Chopin Unwrapped – Martino Tirimo/Opening Concert

Chopin
Polonaise in G minor, Op. posth.
Variations in E sur un air national allemande (“Der Schweizerbub”), Op. posth.
Three Nocturnes, Op.9 – No.1 in B flat minor; No. 2 in E flat; No. 3 in B
Four Mazurkas, Op.17 – No.1 in B flat; No.2 in E minor; No.3 in A flat; No.4 in A minor
Allegro de Concert, Op.46
Valse mélancolique in F sharp minor, Op. posth.
Trois Grandes Valses brillantes, Op.34 – No.1 in A flat; No.2 in A minor; No.3 in F
Berceuse in D flat, Op.57
Three Mazurkas, Op.50 – No.1 in G; No.2 in A flat; No.3 in C sharp minor
Polonaise-Fantaisie in A flat, Op.61

Martino Tirimo (piano)


Reviewed by: Peter Reed

Reviewed: 10 February, 2010
Venue: Hall One, Kings Place, London

Martino Tirimo. Photograph: Francesco TirimoThere was quite a lot to learn from Martino Tirimo’s opening recital of his Chopin Unwrapped series – three weeks and 12 concerts of the complete works, to mark the bicentenary of Chopin’s birth.

I wonder about the value of doing a complete-works series. It’s not the ideal way to hear the music, except in a nerdy completist way. Also, and particularly so in the case of Chopin, the emphasis on one instrument, one artist (Tirimo is only not playing in the chamber music and song recitals) and a very well-known repertoire (apart from a lot of juvenilia), carries the risk of monotony, and what may be intended as a survey becomes a long slog. Box office knows best, I suppose, as the non-apostrophised Kings Place has no doubt found out.

Then, however niftily Tirimo has planned his programmes into a mix of genres beefed up with one or two of the big works (although it’s surprising he’s splitting both sets of Studies over four concerts), there is the problem of how to present a lot of short pieces, with simple structures and covering very similar emotional territory without getting Chopin fatigue. From experience, one common solution is to resort to what can tactfully be called expressive rubato, a double-edged interpretative sword that can lead many a pianist astray into extremes of mannerism.

Tirimo, whose loyal fans justifiably congratulate themselves on their finely attuned connoisseurship, is a very fine Mozart and Schubert pianist, and he has played a big part in bringing the latter’s sonatas into the repertory. His aristocratic, slightly reserved approach suits the balance necessary for Mozart superbly, and his sure command of long and lyrical Schubert can be sublime. It’s a very personal, possibly heretical thing, I know, but Tirimo is not the first pianist I would choose to hear Chopin from, mainly because the music is predominantly non-argumentative. We’ll hear, as the series unfolds.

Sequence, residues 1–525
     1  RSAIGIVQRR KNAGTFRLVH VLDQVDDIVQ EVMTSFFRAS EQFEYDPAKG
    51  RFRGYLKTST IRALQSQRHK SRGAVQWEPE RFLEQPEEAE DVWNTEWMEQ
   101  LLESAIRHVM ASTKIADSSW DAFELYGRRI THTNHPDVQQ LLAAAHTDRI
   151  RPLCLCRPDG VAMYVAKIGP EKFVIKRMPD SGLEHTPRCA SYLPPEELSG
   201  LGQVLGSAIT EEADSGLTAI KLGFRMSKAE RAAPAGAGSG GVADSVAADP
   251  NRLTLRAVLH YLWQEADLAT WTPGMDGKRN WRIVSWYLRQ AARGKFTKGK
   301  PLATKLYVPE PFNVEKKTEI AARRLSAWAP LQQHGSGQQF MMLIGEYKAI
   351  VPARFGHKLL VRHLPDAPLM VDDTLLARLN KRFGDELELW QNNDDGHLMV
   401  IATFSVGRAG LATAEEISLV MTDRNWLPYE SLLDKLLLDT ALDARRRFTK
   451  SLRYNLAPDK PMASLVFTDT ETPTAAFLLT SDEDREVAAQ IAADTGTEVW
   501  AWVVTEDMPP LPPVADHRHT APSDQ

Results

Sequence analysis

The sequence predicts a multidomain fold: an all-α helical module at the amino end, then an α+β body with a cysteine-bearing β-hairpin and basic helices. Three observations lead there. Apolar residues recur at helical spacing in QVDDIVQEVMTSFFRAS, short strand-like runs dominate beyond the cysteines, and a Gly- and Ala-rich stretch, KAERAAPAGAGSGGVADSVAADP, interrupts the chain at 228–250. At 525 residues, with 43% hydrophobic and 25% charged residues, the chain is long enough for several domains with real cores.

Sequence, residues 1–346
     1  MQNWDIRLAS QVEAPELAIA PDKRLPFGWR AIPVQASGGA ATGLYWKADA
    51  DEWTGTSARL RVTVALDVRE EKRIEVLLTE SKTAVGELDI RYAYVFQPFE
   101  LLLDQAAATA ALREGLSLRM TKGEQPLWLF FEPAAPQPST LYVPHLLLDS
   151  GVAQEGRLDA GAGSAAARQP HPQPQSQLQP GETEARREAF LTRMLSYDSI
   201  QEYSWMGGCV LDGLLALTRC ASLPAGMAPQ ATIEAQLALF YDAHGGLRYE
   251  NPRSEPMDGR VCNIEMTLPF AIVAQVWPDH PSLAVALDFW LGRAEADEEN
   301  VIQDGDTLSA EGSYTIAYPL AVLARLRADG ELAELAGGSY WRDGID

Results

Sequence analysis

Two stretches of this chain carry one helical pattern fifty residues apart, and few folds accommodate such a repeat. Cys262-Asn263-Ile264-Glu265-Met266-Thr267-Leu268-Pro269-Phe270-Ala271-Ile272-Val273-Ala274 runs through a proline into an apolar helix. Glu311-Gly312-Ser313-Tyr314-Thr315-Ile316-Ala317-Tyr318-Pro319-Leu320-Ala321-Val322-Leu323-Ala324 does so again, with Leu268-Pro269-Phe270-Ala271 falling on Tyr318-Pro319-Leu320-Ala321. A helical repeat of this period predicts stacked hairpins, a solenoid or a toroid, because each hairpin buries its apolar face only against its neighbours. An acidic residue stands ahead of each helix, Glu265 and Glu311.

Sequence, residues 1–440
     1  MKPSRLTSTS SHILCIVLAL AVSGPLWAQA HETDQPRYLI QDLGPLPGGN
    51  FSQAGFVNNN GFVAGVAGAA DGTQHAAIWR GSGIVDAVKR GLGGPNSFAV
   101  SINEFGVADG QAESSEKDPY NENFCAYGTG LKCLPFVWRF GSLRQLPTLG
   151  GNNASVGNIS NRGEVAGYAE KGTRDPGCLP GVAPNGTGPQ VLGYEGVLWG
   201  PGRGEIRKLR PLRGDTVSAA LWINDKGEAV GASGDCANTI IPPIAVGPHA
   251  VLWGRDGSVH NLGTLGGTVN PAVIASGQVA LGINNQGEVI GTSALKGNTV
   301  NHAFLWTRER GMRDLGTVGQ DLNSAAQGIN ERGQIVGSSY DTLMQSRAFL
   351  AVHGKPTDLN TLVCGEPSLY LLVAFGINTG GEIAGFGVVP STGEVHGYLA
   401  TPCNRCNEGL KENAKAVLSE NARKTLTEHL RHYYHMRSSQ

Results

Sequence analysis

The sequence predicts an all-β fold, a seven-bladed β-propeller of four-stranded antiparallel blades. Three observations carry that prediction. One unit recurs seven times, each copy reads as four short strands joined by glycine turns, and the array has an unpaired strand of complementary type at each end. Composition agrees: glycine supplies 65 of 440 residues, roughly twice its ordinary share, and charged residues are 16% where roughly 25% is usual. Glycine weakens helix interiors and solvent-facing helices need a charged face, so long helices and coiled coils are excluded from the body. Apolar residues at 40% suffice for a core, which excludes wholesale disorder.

Tirimo started his “long journey” (as he described it in a brief preamble) with the seven-year-old composer’s Polonaise in G minor, “one of the great achievements of man” according to Tirimo – at least, I think he was thus referring to this engaging piece of precocious juvenilia, a sort of military polonaise prototype for toy soldiers. One thing that Tirimo showed with stylistic aplomb, in this piece and the rather less interesting Variations on a German air, was the way the delicately thrown-away decorations are just that – decorative, but by the time of the Opus 9 Nocturnes, for example, decoration has become as essential to Chopin’s style as harmony and melody. There was an attractive poise to No.1 of the set and a graceful lilt to No.3 that showed off Tirimo’s evenness of touch and discretion with rubato, which he carried over to the second and third mazurkas of the Opus 17 set; No.1 was too rushed and hectoring, and the mystery of No.4, one of the bleakest, oddest pieces in all of Chopin, went for nothing, with an over-emphatic rallentando used to no great end. In the Allegro de Concert (a reworked version of the first movement of a discarded concerto), doubts about some thick textures were carried over into the first of the Opus 34 waltzes, and the sinuous winding figure in the left-hand of No.2 was too unyielding.

The Berceuse was the high point of the recital, where Tirimo’s considerable singing tone and effortless decorations were suspended high above the gently assertive accompaniment – the moment of Chopin alchemy I had been waiting for, clinched by a powerful reading of the great Polonaise-Fantaisie, big music that really gets under the skin.

Apart from that and the Berceuse, however, Tirimo’s approach seemed rather dogged, a feeling compounded by his having the music on the stand, from time to time. Of course, it’s only an aide-memoire, but for the audience it can’t help but point out that the performer’s first point of contact is with the printed page rather than the listeners. Never mind. Despite the occasional smudge, some surprisingly heavy-handed fortissimos and a few thickly textured passages, Chopin’s inimitable expressive high-wire act emerged clearly.

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